Financial Services (Banking Reform) Bill — Second Reading

Part of the debate – in the House of Lords at 4:53 pm on 24th July 2013.

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Photo of Lord Deighton Lord Deighton The Commercial Secretary to the Treasury 4:53 pm, 24th July 2013

I thank my noble friend for that interesting observation. The purpose of the Bill is to look at the management of the financial institutions themselves rather than the system. I would welcome that discussion later, in Committee, if my noble friend would like to take it further.

As a further deterrent against misconduct, the Government will table amendments to make reckless misconduct in the management of a bank a criminal offence. Those found guilty will face the possibility of prison sentences. Together, these measures represent an historic overhaul of the system for holding bankers to account for their actions. However, rules and sanctions alone will not guarantee good conduct. The PCBS argued that effective competition between banks is essential to ensuring high standards of behaviour, and the Government agree. We will therefore amend the Bill to give the PRA a secondary competition objective. This will give the PRA a greater role in championing competition in the banking market, to the benefit of consumers.

One key barrier to competition in banking, and in particular to new entrants and smaller firms looking to challenge the big high street banks, is the big banks’ control of payments systems. The Government will therefore introduce amendments establishing utility-style regulation of payments systems. To ensure the safety and stability of payments services, we will also bring forward amendments to provide for a special administration regime for payment and settlement systems. This will require critical payment and settlement services to be continued even in insolvency, until the firm recovers or alternative provision is available.

While the Bill is before this House, the Government will also make some technical amendments to provisions on the pension liabilities of ring-fenced banks and introduce amendments to modernise the rules for building societies, helping to create a level playing field between building societies and banks while preserving the distinct nature of the building society sector.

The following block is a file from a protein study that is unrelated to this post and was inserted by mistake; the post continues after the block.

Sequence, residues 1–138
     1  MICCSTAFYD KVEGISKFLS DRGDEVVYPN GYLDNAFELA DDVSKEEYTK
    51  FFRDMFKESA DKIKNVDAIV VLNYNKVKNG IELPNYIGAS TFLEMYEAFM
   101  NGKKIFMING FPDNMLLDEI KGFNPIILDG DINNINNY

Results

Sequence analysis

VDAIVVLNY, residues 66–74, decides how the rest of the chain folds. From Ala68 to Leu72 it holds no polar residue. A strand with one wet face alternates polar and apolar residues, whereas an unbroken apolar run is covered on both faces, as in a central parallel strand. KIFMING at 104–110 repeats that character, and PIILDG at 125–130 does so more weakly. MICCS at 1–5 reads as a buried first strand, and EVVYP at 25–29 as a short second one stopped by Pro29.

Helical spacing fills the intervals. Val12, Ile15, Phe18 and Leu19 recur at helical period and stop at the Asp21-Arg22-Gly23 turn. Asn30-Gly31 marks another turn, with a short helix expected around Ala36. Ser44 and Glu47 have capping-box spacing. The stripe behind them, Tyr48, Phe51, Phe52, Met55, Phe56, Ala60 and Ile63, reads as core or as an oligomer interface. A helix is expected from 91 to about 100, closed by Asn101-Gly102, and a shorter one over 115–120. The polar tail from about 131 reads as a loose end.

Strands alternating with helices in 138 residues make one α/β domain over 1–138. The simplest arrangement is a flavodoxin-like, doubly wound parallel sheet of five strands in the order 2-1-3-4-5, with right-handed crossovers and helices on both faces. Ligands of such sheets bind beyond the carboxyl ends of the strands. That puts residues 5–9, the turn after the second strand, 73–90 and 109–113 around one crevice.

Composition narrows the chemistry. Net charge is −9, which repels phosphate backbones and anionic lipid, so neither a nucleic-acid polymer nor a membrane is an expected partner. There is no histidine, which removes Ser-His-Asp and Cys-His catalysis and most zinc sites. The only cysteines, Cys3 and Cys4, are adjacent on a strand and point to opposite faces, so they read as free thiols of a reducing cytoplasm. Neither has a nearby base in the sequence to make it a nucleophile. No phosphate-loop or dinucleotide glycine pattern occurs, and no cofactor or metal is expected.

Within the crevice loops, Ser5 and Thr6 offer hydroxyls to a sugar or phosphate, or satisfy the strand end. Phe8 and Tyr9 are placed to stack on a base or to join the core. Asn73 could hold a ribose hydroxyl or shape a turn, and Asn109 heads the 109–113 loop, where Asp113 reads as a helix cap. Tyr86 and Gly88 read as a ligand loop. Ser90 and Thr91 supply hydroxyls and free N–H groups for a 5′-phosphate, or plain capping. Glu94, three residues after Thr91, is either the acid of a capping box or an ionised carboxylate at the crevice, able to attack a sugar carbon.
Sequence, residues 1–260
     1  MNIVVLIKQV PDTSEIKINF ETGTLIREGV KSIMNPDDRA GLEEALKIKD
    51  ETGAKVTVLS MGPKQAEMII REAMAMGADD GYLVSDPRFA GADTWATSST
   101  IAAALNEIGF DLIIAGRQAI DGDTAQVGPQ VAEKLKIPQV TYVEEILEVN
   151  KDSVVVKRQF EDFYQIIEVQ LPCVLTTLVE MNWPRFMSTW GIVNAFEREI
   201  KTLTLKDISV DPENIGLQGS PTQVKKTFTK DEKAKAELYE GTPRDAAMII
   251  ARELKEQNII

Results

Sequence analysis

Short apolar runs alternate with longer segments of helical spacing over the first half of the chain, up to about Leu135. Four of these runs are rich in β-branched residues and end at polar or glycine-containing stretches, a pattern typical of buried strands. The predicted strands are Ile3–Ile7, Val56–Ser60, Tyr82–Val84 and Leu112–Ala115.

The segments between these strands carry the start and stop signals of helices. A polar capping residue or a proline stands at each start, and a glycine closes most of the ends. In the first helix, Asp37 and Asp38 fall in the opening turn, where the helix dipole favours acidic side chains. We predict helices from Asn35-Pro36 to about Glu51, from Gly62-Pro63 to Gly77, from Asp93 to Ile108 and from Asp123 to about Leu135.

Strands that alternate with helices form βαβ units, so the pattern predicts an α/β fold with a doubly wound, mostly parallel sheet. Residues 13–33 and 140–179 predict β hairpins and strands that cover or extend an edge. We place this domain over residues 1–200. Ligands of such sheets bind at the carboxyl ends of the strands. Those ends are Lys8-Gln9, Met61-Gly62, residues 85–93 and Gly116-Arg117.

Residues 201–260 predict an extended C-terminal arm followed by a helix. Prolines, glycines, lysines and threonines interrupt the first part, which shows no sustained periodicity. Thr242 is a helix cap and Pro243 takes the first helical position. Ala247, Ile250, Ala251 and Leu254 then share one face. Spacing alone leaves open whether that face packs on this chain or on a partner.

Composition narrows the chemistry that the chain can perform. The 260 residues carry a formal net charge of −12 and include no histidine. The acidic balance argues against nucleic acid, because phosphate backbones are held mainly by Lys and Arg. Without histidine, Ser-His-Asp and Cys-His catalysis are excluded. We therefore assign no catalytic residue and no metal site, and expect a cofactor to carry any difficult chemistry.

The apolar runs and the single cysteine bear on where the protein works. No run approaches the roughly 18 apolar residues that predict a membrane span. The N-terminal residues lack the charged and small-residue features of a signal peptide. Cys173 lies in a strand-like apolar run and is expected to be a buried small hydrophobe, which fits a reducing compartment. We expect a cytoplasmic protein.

In the other place, the Government set out our intention to use this Bill to require the Bank of England to produce a resolution strategy for each major UK bank—that is, a plan for how the authorities propose to respond in the event that that bank failed. We still believe that resolution plans are necessary, but given that the European Council of Ministers and the European

Parliament have recently published proposals for the EU recovery and resolution directive that include similar provisions, it may be more appropriate for this requirement to be imposed through transposition of the directive than through the Bill. The Government will continue to review this issue in the light of European developments while the Bill is before this House, with a view to bringing forward amendments if necessary.

We can all agree that this is legislation of the highest importance. It is essential that we address the causes of the terrible banking crisis of five years ago, whose consequences remain with us today. The Bill is a vital step towards ensuring that this crisis is never repeated. Its current provisions represent a once in a generation reform of the structure of British banking, while forthcoming amendments will revamp the accountability regime for bankers’ conduct and standards. I look forward to constructive engagement with all sides of this House over the months ahead. To support noble Lords’ consideration of the Bill, last week the Government published drafts of the principal secondary legislation exercising delegated powers under the Bill, and I will ensure that my officials are available to noble Lords to discuss any details of the Bill. I am pleased to present the Bill for the consideration of noble Lords. I beg to move.